A particular data center is comprised of ten identical computers, all of which have power consumption characteristics as shown in FIG. 4—that is to say, the ten computers are identical. This data center is only required to run ten instances of a single computational task. This computational task requires 30% of the CPU of the computers in the data center, and can use no more. It can easily be seen, therefore, that to obtain the maximum performance, no more than three instances of the computation task can be run per computer—three instances on a single computer will consume 90% of the CPU, and adding one more instance would cause performance to suffer as there would no longer be sufficient CPU to go around.

There are a variety of approaches, therefore, to determine where to install the tasks on the computers in the data center. A simple bin-packing approach would result in a decision to install three tasks each on three computers (for a total of nine tasks), and the single remaining task on a fourth computer. Thus, the first three computers would run at 90% CPU utilization, and the fourth would run at 30% CPU utilization. The power consumption of this configuration (Configuration A) is as follows:
(3×170)+(1×50)=620 Watts

An alternate configuration (configuration B) would be to install one task on each of the ten computers. All ten computers, in configuration B, would run at 30% CPU utilization, resulting in a power consumption of:
(10×50)=500 Watts

Examining the power curve shown in FIG. 4, however, it can be seen that a sensible configuration (configuration C) is one in which two tasks are installed on each of five computers, resulting in a power consumption of:
(5×75)=375 Watts

This is, in fact, the optimal power consumption configuration for the so-described system.

The discussion above assumes that computers that are not in use can be switched off, by the controlling computer. If this is not the case, and computers that are not running one or more tasks must remain on, but idle, the power consumption figures for the three configurations described change, as follows:
(3×170)+(1×50)+(6×40)=860 Watts   Configuration A′
(10×50)=500 Watts   Configuration B′ (remains the same)
(5×75)+(5×40)=575 Watts   Configuration C′
In this variant, the controlling computer's optimal choice is configuration B′, because the incremental cost of running one task instance on a machine over running no instances on that same machine is so low (only 10 Watts).

Turning now to FIG. 5, which illustrates the operation of a preferred embodiment of the current invention. FIG. 5 represents the control flow within the controlling computer. First, the controlling computer gathers 501 the characteristics of the current workload, heat load, and power load. This information is gathered via the communication means 205 and 206 shown in FIG. 2. Next, the controlling computer optimizes and balances 502 the so-determined work load for heat load and/or power load. Optimization can be achieved by a wide range of techniques are available and will be recognized by those skilled in the art.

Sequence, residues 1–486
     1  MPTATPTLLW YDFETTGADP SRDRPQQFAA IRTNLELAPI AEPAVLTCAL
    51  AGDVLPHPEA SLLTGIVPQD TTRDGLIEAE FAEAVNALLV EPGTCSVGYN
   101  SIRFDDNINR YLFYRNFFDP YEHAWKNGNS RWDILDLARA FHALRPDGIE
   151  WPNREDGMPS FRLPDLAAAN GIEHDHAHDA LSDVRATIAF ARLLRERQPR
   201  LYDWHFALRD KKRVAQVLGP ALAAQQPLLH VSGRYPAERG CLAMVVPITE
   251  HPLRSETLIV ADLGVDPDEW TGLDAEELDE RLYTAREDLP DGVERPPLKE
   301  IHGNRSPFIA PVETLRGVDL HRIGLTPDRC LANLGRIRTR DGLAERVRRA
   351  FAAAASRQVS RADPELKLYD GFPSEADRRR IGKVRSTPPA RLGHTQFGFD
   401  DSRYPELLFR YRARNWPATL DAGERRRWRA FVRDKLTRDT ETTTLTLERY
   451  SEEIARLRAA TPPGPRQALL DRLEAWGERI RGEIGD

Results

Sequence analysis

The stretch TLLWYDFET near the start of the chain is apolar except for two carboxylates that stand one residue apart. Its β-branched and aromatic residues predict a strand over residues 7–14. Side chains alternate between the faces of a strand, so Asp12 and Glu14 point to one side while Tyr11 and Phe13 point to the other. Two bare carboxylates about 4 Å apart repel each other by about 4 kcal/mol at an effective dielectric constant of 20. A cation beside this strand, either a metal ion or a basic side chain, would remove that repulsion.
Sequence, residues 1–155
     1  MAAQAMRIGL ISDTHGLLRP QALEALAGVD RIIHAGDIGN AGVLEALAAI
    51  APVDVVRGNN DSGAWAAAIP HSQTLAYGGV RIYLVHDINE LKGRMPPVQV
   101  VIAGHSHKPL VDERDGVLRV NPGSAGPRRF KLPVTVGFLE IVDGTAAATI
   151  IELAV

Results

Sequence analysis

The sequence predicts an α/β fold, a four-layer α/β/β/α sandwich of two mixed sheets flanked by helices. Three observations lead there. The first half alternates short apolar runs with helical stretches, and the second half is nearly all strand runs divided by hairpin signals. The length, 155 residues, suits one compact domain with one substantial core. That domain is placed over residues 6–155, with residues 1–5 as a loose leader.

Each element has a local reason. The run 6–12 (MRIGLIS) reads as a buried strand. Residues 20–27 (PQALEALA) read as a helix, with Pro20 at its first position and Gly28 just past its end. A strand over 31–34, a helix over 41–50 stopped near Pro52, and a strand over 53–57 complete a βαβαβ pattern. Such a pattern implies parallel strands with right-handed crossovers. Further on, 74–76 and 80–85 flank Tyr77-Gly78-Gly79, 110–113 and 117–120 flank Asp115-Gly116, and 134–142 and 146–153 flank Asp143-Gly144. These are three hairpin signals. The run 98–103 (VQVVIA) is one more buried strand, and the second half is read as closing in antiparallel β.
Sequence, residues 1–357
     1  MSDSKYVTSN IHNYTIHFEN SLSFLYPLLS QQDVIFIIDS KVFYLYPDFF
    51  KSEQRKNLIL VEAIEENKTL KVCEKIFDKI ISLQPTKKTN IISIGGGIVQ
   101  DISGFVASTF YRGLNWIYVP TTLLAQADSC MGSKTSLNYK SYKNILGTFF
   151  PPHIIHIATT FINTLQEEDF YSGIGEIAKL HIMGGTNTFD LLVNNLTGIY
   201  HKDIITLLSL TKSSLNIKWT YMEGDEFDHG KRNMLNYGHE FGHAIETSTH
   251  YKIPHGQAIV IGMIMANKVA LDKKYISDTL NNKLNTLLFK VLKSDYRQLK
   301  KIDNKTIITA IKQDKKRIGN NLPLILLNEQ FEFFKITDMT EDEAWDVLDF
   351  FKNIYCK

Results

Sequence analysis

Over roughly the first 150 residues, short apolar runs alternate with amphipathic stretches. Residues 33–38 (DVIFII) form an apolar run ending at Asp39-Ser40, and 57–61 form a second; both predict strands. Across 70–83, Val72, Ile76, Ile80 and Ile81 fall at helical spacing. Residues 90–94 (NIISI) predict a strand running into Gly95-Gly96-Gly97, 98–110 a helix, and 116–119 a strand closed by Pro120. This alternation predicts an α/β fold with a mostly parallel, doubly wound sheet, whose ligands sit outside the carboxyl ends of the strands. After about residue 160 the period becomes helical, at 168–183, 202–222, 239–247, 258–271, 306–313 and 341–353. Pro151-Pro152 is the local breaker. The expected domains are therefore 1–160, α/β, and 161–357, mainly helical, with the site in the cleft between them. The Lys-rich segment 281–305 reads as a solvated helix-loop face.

Following the optimization step 502, the controlling computer has a list of application relocations that the optimization step recommended. In step 503, the controlling computer determines if there are any entries in this list. If so, the controlling computer contacts 504, the relocation controller, and requests that the application be so moved. It then returns to step 503 to process the next entry in the relocation list. When the list becomes empty, the controlling computer proceeds to step 505. If no instructions are required for the cooling system, the process returns to gathering workload, power, load, and heat load characteristics at step 501. In the event that adjustments are required within the cooling system, step 506 will send instructions to the cooling system.

Execution now passes back to the beginning of the controlling computer's operational flow at step 501.

While the invention has been described in terms of preferred embodiments, those skilled in the art will recognize that the invention can be practiced with modification within the spirit and scope of the appended claims.

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Classifications
U.S. Classification713/300
International ClassificationG06F1/26
Cooperative ClassificationG06F1/206, Y02B60/1275, H05K7/20836
European ClassificationH05K7/20S90, G06F1/20T
Legal Events
DateCodeEventDescription
Jan 5, 2005ASAssignment
Owner name: INTERNATIONAL BUSINESS MACHINES CORPORATION, NEW Y
Free format text: ASSIGNMENT OF ASSIGNORS INTEREST;ASSIGNORS:WHALLEY, IAN N.;WHITE, STEVE R.;REEL/FRAME:015544/0642;SIGNING DATES FROM 20041122 TO 20041123